Rowan Manahan has launched a group writing project to create the Definitive Guide to Clearing Job-Hunt Hurdles and has asked me to contribute.
I think that’s a fantastic idea. Looking for a new job is one of the most important, life-shaping activities we undertake and it really pays to go into this process armed and ready with some good input.
I looked back through my archives, and while most of what I write is about being happy in the job you DO have, four of my previous posts are particularly relevant for job seekers:
Never stay in a bad job. Fix it or leave!
We all know the cost of leaving a bad job. But sometimes we forget the cost of staying. And that cost can be much too high.
Find your quitting point
How to know when it’s time to quit and move on.
Some killer questions to ask in your next job interview
All companies will tell you that they’re great, friendly, open, happy workplaces. How do you know that they’re telling the truth and that a workplace is right for you? Here are some great questions to ask in your next job interview.
How to find a job you’ll love
How to find a job you’ll love. Not like – love!
I would love to hear more people’s opinion on this, so I’m inviting these people to contribute:
- Carmine Coyote at Slow Leadership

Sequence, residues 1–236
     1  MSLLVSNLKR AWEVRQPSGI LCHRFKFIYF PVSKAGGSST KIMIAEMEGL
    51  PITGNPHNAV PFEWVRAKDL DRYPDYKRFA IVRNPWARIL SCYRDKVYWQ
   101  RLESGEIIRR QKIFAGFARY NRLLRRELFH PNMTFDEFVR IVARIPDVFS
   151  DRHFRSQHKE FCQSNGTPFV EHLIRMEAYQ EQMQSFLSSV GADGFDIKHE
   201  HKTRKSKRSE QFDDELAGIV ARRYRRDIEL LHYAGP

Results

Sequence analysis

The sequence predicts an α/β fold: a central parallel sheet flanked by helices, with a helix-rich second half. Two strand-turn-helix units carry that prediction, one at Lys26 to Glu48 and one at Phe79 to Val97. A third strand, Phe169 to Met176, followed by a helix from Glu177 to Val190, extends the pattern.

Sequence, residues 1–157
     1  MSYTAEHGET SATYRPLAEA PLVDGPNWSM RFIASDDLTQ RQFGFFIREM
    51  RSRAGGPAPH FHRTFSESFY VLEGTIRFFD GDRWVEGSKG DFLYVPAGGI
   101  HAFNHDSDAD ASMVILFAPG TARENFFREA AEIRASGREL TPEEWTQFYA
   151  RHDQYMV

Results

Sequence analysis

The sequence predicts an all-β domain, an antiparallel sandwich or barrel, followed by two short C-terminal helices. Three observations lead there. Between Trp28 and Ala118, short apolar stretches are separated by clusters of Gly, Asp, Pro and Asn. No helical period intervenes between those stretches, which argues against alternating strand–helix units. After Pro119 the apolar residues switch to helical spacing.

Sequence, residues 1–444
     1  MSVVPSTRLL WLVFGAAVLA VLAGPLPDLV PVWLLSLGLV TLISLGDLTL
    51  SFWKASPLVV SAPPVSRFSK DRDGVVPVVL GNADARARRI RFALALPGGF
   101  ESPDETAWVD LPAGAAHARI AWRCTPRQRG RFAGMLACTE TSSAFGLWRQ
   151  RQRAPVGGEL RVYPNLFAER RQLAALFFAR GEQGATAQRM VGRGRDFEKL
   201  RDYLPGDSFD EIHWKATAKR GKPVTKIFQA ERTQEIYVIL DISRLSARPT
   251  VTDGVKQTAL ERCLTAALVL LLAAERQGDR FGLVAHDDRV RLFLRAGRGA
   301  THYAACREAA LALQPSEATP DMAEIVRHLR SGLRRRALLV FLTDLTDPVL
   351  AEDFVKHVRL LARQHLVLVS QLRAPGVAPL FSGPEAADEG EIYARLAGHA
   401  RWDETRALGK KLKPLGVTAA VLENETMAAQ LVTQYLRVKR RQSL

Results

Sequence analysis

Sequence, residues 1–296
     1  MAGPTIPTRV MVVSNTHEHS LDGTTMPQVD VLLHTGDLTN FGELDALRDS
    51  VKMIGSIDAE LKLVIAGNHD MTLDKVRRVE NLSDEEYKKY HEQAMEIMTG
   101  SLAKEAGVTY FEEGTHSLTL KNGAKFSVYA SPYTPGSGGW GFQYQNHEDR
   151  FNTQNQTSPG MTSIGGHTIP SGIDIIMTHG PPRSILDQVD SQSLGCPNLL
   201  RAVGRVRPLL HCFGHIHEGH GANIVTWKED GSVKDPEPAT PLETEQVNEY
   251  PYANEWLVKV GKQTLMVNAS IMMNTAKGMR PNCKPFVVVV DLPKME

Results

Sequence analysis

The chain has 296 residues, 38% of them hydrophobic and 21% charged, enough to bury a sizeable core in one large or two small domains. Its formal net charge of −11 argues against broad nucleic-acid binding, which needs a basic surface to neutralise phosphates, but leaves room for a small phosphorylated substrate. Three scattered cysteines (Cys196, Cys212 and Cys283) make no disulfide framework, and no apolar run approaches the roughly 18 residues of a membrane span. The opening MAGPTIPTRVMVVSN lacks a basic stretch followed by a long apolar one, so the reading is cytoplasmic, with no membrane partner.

- Sally Hogshead of the Hog Blog
- Kareem Mayan of Hidden Mojo
And you! What’s your best job hunting tip ever?
9 thoughts on “The Ultimate Job Hunt Guide”
Best job hunting tip ever: start a blog/site, that showcases your thinking/communication skills. I’ve been forcing interns here to blog- and one of them now has higher google position than a namesake CEO. He’s also been quoted in newspapers and connected with people he’d never have normally met.
It’s indeed the ultimate choice we can make. Enduring sacrifices may be part of our journey, but the reward of having a job that we love is the best thing we can have considering that we’ll spend a lot of time doing it.
Hi Alexander. You mention going into the job hunting process “armed”. I would say that you should put your energy into defining and demonstrating your personal brand.
David’s comment is spot on. Blogging is a great way to to showcase your knowledge, skills and ideas and help people see your personal brand in action. For job hunting or career development it’s unlikely to reap immediate rewards but its a great medium to long term approach.
Yes, yes, and yes! Having the strength to leave a job for a better one always leads to greater happiness.
Excellent tip. The problem with most people is that they don’t know when to quit, especially when family is concerned. Yes we are willing to sacrifice for our family, but let us also consider our decisions first. There is always a better job if we know how look.
David: What a great idea. It’s certainly better than an embarassing myspace page with pictures of you getting blind drunk :o)
Charlie: That is the simple truth. Or as someone once said: Find work you like, and you won’t have to work a day in your life.
Dorothea: I agree. And of course, to develop your personal brand, you need to know yourself. Before brand comes identity.
Howie: I agree – and we just need to find the energy and courage to quit a bad situation and look for a better one.
Hi. I borrowed the picture you placed on this post for my article What types of Careers are available to Psychology Majors? at Hubpages.com. The link to the article is http://hubpages.com/hub/Careers-for-Psychology-Majors